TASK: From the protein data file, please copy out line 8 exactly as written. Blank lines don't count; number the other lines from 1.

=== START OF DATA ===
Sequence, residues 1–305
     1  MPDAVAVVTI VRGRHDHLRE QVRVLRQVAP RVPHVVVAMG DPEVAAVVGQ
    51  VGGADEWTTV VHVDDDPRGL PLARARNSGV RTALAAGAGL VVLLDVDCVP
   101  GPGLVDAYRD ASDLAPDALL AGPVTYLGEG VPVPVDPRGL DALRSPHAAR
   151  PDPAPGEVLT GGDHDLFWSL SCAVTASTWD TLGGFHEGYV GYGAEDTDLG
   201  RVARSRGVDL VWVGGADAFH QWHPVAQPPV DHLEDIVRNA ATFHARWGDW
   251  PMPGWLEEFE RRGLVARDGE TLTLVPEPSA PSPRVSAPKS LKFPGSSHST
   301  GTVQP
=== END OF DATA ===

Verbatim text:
   301  GTVQP